Angkor Archaeological treasure threatened
Looting and Vandalism


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In Cambodia, the Khmer temples are one of the noblest wealth of country.
For years, this heritage is the prey skilled negotiators, in contact with strange and wealthy collectors via Thailand, and Singapore,
For how long ?
L ooting and vandalism,
On the road to Angkor Wat, the heads of fifty-four geniuses in the eleventh century stone disappeared: some stolen, replaced by other vulgar copies to prevent further looting.

T he danger facing the worst is probably the temples looting. The parts are stolen or torn rather hastily, before the border to smuggle in thailand lead most often in antique shops in Bangkok where they are bought by foreign collectors.
This scourge is not new. But looting started really worrying proportions in recent years.

The Conservation d'Angkor in 1970 were nearly a thousand employees. By lack of money, it has less than one hundred today. The most valuable pieces were transferred to the National Museum in Phnom Penh are stored or the filing of Conservation.

The temples are not the only target of looters, deposits of the conservation of Phnom Penh, Siem Reap were attacked several times by armed men.

Statue volée In December 1995, a head of Brahma, who was part of an English private collection, has been restored to the government cambodien.

This is when it goes on sale at Sotheby's in London, the play was a recognized head of the tenth century Shiva, who is currently in the Metropolitan New York. She was torn from his chest, which is still in collections conservation.

Discussions are underway and work is expected in January 1997.

This statue from Angkor Wat was found on sale in a Bangkok galarie Art.

Return to Cambodia Khmer statues of two millennia

Trois ans après sa saisie avant une vente aux enchères à New York, en mars 2011, le «Duryodhana bondissant», statue khmère du Xe siècle, va être restituée au Cambodge.
Second return, this time by a California museum after several months of discussions, "Bhima", a statue bought in 1976. Since 2009, several looted antiquities were returned to Cambodia by the United States.

Duryodhana leaping, Warrior sandstone with a height of 1m58 and 110kg, should have been sold at auction in New York, March 24, 2011. But at the request of the Cambodian authorities via Unesco, this sale was stopped and the sealing statue.

Its return was obtained by the New York court, after a civil complaint filed in April 2012 on behalf of Cambodia against Sotheby's. The auction house had estimated the statue millennium between 2 and 3 million ($ 1.5 million to EUR 2.2 million).

Considered by experts as a masterpiece of Khmer art, Duryodhana had been stolen from the site of Koh Ker in 1972 in Northern Cambodia and sold at auction for the first time in London in 1975.
"After nearly two years of litigation, we are pleased to announce that the sellers have agreed to return to where it belongs, in the Kingdom of Cambodia," said New York, May 7, 2014, the Manhattan District Attorney Preet Baharara in the presence of Cambodian Deputy Prime Minister.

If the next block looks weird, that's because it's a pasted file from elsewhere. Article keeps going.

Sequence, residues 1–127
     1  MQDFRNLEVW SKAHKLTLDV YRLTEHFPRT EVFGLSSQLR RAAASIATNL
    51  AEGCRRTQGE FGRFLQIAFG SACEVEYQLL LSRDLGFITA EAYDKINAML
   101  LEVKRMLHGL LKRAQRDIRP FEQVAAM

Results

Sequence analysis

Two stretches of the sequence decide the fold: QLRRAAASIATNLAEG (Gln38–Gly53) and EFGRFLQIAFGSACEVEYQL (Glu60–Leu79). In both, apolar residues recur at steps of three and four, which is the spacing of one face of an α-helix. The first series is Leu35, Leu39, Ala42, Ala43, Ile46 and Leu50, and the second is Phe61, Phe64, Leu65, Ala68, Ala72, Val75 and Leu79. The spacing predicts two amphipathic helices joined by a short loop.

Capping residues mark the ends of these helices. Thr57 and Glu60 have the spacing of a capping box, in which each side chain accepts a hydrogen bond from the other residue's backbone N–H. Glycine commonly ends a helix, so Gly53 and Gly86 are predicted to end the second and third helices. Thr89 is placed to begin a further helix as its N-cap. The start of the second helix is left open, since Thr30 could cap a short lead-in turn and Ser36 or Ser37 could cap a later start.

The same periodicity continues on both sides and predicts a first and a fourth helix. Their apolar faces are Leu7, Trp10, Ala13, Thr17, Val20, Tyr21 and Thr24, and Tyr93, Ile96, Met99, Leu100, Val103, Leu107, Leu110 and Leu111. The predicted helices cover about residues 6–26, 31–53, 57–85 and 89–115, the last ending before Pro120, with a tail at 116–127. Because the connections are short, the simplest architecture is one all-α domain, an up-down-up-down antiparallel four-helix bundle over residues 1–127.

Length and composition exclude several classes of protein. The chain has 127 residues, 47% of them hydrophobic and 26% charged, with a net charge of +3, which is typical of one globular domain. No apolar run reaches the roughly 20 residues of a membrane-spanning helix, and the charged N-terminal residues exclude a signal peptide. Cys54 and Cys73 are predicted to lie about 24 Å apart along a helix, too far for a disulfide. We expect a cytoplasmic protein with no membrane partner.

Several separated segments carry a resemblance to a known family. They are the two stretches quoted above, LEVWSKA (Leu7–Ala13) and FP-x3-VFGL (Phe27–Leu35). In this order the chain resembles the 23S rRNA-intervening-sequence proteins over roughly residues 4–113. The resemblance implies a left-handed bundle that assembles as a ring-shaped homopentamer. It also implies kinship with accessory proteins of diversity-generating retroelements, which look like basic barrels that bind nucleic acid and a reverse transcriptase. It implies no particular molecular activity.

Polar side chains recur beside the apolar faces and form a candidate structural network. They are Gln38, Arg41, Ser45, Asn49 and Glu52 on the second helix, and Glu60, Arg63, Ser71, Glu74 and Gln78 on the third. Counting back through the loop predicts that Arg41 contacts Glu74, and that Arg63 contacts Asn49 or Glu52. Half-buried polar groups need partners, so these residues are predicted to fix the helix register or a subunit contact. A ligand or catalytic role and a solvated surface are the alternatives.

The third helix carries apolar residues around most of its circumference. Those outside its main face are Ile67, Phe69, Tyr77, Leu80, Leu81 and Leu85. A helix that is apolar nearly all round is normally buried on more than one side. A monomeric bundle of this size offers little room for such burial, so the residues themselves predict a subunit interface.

According to him, the Norton Simon Museum in Pasadena, California, has agreed to return to Cambodia Khmer another statue, Bhima, the opponent Duryodhana whose transfer is scheduled for June 2014 The two leading figures of Khmer art belong to a group of nine monumental statues in the round, and could reach their home countries at the same time.

A "domino effect" This is not the first time that works of art are returned by museums and institutions in Cambodia. "We reaffirmed our commitment and that Manhattan does not become a mecca for antiques and works of art stolen," said M.Bharara, speaking of a "domino" effect, after the proceeding in 2012.

In May 2013, the Metropolitan Museum (Met) in New York announced the return to Cambodia of two Pandawa, sculptures on display for 20 years in its Asian wing. Their return, June 11, 2013 in Cambodia, was hailed as a "historic event" by the kingdom. These figures were also stolen from Koh Ker in the early 70s, when the country was plunged into civil war.

Sales blocked in 2009 In 2009, another group of nine statues, Balarama, had been identified and "blocked" at an auction organized by Christie's in New York. Since then, Eric Bourdonneau, lecturer at the French School of the Far East (EFEO), responsible for the preservation and restoration of the site of Koh Ker, the Internet continues to stalk the masterpieces looted. According to this archaeologist, peeling historical catalogs auctions and those museum collections, several figures from Kho Ker are still held today by American museums in Cleveland, or Denver, and private collectors.

We owe to M.Bourdonneau, both Duryodhana and Bhima of refunds he calls "exceptional pieces, masterpieces absolutely unique." The Deputy Prime Minister Sok An cambogien said that his country intended to "celebrate" the return of these two thousand statues. They will be exhibited, he has said, the National Museum in Phnom Penh, in a setting "recreating" the Koh Ker site, located some 80 km from the temples of Angkor.

Also an opportunity for two generations of Cambodians will finally be able to see A beacon of the final battle of Mahabharata, great Indian epic that inspired the Khmer mythology.

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